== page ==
Natural Toothpaste Backed by Science

Risewell founder.

Have you ever wondered what’s actually in your toothpaste? If you look at a typical ingredients label, there are all sorts of things on there you probably don’t recognize. Could there be a more natural alternative that’s just as effective? 

Risewell says yes, offering all-natural mineral toothpaste that cleans and protects your teeth just as well as the big commercial brands. This is its origin story.

From Finance to Oral Care Products

Risewell founder Kori Estrada began her career in finance. She got the idea of starting an oral care product company when she and her husband were undergoing fertility treatments. 

“I had to go through the whole infertility process, which was extremely challenging,” she says. “When one goes through that journey, you want to make sure you do it once if possible and not many times. It’s also very expensive [and] in most cases not covered by insurance.”

The couple asked their doctor what they could do to help make the process successful. In addition to taking the right medications and eating the right foods, he told them not to use products that could be endocrine disruptors. 

“I hadn’t realized that things that go on my body or amass around my body could actually be impactful to the [IVF] process,” she said. She and her husband “[turned] our entire apartment upside down and [realized] a lot of the everyday products that we were using had harmful ingredients in them. There [often were] better alternatives, but the one area we really struggled with was oral care.” 

That’s because, at the time, although there were a few natural toothpastes on the market, basically all they did was take out fluoride without replacing it with anything. Her brother, a dentist, confirmed that this approach doesn’t help protect your teeth any better than water. So, the problem she set out to address was how to create a natural toothpaste that works just as well as the conventional kind.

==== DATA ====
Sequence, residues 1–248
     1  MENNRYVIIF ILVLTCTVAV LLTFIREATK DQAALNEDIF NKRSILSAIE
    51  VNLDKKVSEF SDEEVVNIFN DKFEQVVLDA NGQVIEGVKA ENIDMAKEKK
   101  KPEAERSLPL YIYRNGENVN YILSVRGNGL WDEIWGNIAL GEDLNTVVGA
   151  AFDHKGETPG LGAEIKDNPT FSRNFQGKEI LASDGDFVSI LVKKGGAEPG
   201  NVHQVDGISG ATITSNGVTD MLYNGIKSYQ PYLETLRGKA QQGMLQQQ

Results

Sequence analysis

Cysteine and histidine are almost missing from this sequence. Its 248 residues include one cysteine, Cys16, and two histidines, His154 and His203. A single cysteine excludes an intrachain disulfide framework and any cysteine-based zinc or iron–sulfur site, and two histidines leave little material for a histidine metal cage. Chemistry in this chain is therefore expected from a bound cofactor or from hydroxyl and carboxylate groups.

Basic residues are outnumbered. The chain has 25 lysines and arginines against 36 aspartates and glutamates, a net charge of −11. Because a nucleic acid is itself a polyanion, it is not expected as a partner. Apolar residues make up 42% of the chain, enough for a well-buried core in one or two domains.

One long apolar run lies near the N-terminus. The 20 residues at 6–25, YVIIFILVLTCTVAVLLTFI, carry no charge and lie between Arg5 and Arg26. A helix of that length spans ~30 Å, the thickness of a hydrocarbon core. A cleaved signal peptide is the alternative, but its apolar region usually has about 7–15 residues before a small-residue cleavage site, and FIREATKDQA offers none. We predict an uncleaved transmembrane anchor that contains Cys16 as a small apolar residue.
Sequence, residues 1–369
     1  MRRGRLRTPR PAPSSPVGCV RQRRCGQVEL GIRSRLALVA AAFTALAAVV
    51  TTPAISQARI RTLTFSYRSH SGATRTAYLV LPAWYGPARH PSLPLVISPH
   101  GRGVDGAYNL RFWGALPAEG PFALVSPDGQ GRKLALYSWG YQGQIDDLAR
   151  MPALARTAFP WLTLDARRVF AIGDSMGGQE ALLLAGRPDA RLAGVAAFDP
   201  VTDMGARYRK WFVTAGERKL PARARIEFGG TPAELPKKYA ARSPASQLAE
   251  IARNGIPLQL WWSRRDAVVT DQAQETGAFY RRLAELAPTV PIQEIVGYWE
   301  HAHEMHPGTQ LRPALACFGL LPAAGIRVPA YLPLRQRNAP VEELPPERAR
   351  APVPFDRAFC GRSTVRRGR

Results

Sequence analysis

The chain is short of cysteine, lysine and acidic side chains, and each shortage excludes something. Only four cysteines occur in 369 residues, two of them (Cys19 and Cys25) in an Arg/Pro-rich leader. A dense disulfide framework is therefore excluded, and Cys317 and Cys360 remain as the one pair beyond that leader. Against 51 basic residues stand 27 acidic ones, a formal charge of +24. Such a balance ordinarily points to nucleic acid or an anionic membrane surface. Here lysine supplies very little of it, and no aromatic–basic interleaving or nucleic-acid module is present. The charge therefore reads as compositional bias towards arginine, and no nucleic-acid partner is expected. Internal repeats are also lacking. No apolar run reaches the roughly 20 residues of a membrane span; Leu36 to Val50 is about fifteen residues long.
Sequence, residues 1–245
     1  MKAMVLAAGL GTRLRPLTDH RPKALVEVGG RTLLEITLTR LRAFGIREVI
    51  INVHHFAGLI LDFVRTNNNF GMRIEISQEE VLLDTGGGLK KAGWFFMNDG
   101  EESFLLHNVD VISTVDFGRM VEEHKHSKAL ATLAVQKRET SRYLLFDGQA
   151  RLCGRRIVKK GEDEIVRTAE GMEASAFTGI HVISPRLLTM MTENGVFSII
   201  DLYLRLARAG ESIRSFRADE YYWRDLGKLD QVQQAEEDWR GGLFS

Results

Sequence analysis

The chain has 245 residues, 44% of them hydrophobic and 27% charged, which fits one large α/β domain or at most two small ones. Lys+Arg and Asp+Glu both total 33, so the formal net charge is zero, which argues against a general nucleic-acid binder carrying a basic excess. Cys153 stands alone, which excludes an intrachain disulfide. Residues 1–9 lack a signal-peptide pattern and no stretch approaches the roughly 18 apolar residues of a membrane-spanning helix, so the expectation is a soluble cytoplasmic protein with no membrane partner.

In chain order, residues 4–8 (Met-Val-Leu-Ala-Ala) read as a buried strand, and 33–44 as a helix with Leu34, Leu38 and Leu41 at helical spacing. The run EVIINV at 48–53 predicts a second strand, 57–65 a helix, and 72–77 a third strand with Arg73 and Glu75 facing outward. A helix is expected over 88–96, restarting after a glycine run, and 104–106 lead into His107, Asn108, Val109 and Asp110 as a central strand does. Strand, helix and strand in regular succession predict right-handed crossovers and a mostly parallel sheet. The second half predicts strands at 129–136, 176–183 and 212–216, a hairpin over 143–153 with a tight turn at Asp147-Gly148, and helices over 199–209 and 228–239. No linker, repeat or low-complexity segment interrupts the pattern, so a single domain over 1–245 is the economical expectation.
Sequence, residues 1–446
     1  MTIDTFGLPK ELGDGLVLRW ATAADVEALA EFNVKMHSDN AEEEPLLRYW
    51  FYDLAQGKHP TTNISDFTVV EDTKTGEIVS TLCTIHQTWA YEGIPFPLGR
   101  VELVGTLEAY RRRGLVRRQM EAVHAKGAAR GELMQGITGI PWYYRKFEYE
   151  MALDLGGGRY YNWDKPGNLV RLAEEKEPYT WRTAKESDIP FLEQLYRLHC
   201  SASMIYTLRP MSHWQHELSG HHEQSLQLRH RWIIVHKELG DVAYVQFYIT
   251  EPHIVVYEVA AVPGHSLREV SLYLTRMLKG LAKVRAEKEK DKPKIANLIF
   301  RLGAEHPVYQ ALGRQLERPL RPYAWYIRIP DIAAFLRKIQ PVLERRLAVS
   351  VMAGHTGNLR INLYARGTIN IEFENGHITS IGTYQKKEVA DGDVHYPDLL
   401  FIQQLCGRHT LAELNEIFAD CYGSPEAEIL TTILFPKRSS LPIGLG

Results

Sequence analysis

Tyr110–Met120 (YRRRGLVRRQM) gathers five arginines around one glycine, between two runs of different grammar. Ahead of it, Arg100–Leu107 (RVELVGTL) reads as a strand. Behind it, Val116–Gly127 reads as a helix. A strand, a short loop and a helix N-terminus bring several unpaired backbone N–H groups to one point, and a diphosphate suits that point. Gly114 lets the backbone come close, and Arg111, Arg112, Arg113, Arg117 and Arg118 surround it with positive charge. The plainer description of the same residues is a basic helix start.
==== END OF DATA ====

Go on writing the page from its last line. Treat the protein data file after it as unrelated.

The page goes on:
Safe Enough to Eat

Kori believes that oral care products should be both effective and safe enough to eat. Conventional toothpaste doesn’t meet both of those criteria; if you eat too much of it, you’ll get sick. In Kori’s mind, that’s a problem.

“I’m sure most people are thinking, who wants to eat toothpaste?” she says. “Well, your gums are actually highly absorbent, so whether you like it or not, even if you’re spitting out your toothpaste after you use it, a lot of it is being absorbed into your body twice a day. And so for us, we set out to create toothpaste that works as well as conventional toothpaste or better but also is safe enough to eat, which means that it’s safe enough for the entire family – including kids like mine that are not old enough to actually spit out toothpaste, so they are literally consuming it.”

Risewell toothpaste doesn’t use fluoride. Instead, it uses hydroxyapatite, a naturally occurring mineral that makes up 97% of our tooth enamel and that the company says has been scientifically proven to strengthen and protect teeth without fluoride. To do so, it chemically bonds to teeth and shields them from decay. Hydroxyapatite also can fill small holes and depressions in tooth enamel. And because it’s part of our teeth and bones, it’s completely harmless if accidentally ingested.

Risewell toothpaste and mouthwash also use Xylitol, an alcohol found in most plants that starves harmful bacteria of the food they need to produce enamel-eroding acids. 

Although hydroxyapatite is less well-known in the US, it has been used in natural oral care products in Japan for more than 40 years.

Failure Is an Option

Kori advises early-stage entrepreneurs to not be afraid of failing but to “fail quickly.”

“I think the biggest challenge that I see founders have – and frankly, we struggled with this too – is that when you are used to perfection and things being absolutely perfect, it causes you to have indecision and take too much time and not actually learn from your mistakes fast enough,” she says. Instead, she says founders should “[get] into that mindset of celebrating your failures.” 

She practices what she preaches. “It took us many iterations to get to the point where we even found hydroxyapatite. And then once we found hydroxyapatite, [we asked] how do we incorporate this in our products where it actually works most effectively?” The product development process took “many failures” stretching over at least two years. In the end, all they had was one product for sale on a website; retailer buy-in took a lot of additional time and effort. 

Recognizing that failure “can be actually really a good thing to lead you to where you eventually need to be is something that a lot of people struggle with, including myself,” she says.

Featured Articles